3 Answers | Add Yours
For most Americans, the juice box is a relatively recent innovation. Juice boxes were introduced into the U.S. market in 1980, and quickly gained popularity among parents for their convenience and durability, and for the fact that the contents do not need to be refrigerated, making them ideal for lunch boxes and camping trips. For Europeans, however, the concept has been around much longer, as any American who traveled through Europe during the 1960s or 1970s can attest. Long before the idea of storing milk and other perishable liquids in an unrefrigerated setting, for example, in a pantry instead of in an icebox or refrigerator, gained traction in the United States, Europeans had already been packaging milk in boxes composed of paper, plastic and aluminum, which enabled storage in unrefrigerated areas, while also extending the shelf-life of the contents for longer periods of time. By constructing beverage boxes from paper, polyethylene and aluminum foil, and by shaping them in a rectangular form, they proved both sturdy and stackable, thereby making them more efficient for storage purposes as well as being easy for children to grip. And, the manufacturing process that produces the boxes used for consumable liquids like milk and juice can be made sterile, thereby minimizing the likelihood of bacterial growth, assuming the integrity of the package is assured, as any air that gets in will facilitate the growth of bacteria.
Ruben Rausing, a Swedish businessman, is credited with inventing the manufacturing process for beverage boxes during the 1950s and early 1960s. It took years for Rausing – whose real name was Andersson – to develop the means of storing beverages in an antiseptic environment that would prove easier to store and more user-friendly than traditional glass jars. By 1963, however, he had mastered the concept with the introduction of the Tetra Brick, the box that would be used for storing beverages. Rausing’s Swedish roots enabled European markets to exploit his invention sooner than in the United States, where cultural inhibitions against unrefrigerated milk had to be overcome. His invention revolutionized the food packaging industry, for better or worse. As juice boxes gained in popularity across the United States, the environmental implications of these plastic and aluminum containers became increasingly apparent.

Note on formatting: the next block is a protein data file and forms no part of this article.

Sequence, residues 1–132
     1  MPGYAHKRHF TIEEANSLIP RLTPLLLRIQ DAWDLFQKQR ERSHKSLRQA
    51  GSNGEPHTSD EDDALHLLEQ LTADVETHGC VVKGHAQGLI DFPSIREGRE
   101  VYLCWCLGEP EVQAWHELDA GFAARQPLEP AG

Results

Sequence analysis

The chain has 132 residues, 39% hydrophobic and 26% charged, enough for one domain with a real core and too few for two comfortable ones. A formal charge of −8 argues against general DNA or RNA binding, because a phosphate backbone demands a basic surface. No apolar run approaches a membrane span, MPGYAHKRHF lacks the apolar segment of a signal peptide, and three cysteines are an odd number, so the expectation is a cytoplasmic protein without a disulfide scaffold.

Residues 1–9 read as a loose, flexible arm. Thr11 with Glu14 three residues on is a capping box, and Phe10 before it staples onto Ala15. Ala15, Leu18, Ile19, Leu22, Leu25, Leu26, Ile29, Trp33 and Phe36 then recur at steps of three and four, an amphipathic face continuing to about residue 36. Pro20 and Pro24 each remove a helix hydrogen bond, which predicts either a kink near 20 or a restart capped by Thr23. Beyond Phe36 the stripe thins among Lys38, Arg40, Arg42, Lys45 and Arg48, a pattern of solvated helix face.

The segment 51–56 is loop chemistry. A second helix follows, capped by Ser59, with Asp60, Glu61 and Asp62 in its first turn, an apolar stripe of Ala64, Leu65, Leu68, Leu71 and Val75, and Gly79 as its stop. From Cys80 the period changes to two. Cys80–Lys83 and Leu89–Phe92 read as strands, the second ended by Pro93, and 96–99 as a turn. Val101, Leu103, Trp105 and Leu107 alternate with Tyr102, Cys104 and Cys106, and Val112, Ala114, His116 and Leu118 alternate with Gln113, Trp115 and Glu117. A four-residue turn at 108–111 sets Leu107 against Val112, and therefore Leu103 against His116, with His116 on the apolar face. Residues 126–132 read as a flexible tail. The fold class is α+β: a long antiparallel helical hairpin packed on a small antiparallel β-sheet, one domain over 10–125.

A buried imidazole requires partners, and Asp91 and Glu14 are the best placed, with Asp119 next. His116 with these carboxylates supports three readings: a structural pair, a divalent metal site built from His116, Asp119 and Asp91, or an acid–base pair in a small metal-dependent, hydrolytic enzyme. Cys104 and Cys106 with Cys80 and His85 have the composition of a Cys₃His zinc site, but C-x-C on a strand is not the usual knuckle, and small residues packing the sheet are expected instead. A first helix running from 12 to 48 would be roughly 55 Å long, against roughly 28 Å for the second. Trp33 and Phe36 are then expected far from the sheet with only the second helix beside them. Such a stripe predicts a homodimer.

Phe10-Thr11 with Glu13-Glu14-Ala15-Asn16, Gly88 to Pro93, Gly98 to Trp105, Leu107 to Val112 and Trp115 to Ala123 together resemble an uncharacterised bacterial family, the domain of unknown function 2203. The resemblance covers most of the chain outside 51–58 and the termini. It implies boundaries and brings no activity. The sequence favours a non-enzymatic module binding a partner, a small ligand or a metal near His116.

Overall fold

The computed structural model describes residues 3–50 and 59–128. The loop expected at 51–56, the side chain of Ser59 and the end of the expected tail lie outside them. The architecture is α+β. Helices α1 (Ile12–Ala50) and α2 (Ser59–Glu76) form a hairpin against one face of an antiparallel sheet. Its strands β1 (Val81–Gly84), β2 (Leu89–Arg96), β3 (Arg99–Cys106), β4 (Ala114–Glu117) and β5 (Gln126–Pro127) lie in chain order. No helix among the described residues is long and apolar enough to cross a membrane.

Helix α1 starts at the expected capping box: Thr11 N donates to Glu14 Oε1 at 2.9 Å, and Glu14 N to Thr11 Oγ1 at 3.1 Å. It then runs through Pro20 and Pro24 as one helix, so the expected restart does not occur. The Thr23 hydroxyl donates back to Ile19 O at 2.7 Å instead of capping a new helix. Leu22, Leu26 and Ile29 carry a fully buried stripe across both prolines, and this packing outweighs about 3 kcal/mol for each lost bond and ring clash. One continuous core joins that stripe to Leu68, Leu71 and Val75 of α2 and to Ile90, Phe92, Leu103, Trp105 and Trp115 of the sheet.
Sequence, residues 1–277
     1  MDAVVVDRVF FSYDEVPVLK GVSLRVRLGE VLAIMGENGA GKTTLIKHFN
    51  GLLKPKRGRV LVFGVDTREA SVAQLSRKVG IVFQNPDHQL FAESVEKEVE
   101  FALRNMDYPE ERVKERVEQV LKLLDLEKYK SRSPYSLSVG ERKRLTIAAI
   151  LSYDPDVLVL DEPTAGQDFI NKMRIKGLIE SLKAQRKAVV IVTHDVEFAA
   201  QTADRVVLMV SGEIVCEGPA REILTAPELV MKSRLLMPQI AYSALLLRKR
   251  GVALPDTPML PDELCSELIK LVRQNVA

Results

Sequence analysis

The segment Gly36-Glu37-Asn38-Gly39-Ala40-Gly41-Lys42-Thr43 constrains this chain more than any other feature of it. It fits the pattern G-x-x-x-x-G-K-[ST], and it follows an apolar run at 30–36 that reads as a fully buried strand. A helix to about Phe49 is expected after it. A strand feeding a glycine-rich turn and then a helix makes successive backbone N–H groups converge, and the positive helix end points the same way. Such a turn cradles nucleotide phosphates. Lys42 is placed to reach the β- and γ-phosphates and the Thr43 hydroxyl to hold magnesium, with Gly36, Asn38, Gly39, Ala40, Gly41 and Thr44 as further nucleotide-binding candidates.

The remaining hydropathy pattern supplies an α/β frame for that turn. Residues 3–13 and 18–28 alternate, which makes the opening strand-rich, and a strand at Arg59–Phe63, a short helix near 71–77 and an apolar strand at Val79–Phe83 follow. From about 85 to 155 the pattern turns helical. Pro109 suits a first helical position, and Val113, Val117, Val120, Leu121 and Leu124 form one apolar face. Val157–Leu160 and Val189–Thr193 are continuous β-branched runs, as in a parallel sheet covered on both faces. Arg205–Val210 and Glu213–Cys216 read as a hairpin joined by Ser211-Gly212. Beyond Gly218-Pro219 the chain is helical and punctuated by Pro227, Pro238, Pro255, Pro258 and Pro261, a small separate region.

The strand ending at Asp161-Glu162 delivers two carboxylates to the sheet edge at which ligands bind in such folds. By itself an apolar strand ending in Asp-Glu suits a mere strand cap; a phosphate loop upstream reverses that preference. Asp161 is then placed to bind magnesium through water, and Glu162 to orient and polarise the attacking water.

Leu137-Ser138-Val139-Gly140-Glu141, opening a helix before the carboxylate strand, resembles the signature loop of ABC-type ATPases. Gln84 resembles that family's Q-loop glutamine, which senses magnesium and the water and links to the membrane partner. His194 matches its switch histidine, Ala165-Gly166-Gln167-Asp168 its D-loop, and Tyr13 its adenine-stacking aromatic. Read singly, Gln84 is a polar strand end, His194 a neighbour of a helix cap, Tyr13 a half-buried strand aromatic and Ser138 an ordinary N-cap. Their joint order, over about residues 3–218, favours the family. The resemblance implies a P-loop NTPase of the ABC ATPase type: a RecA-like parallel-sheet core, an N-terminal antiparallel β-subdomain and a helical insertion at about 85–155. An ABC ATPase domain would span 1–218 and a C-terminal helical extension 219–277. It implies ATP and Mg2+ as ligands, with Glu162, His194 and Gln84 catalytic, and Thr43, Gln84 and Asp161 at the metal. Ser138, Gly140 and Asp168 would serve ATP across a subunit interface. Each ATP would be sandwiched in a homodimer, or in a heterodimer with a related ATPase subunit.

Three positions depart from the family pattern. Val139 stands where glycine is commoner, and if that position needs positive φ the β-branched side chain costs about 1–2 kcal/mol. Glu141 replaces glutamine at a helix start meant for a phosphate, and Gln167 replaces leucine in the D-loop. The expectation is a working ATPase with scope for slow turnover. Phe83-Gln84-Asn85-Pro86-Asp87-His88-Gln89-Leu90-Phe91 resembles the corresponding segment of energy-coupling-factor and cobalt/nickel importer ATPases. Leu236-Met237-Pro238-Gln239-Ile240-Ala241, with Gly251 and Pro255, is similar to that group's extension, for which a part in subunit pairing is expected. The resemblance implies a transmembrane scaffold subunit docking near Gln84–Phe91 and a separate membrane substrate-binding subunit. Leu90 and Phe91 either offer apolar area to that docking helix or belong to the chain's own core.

Juice boxes are a modern day convenience first developed in the 1960s. The basic anatomy of a juice box is quite simple:
A juice box is made of liquid packaging board which is usually six layers of paper,polyethylene, and aluminum foil. Paper is used to shape the product and give the box an extra source of strength (Wikipedia, Juicebox)
These extra layers preserve the contents and enable consumers to enjoy the product well after its packaging date. However, the extra layers make it incredibly difficult to recycle the juice boxes.
There are special "hydro-pulping" machines that can mash the boxes up into paper pulp, separate out the plastic and aluminum, and turn it all into lower-quality products, like toilet paper or plastic pellets. However, not many American cities have hydro-pulping machines, so in most places, you can't recycle a juice box even if you want to. (PBS Kids)
The aseptic container was invented in the 1960s by a Swedish man named Ruben Rausing. In 1963, Rausing was trying to figure out a more efficient method to get milk to the market. He needed a container that was smaller and less cumbersome than the metal canisters being used. Rausing developed a precursor to the juice box: a brick-shaped box he named the Tetra Brik. Because of their rectangular shape, Tetra Briks, when stacked on top of each other, took up half the space of the old containers. Five years later, Rausing made an even bigger breakthrough when he figured out how to fill the Tetra Briks under completely sterile, or aseptic, conditions.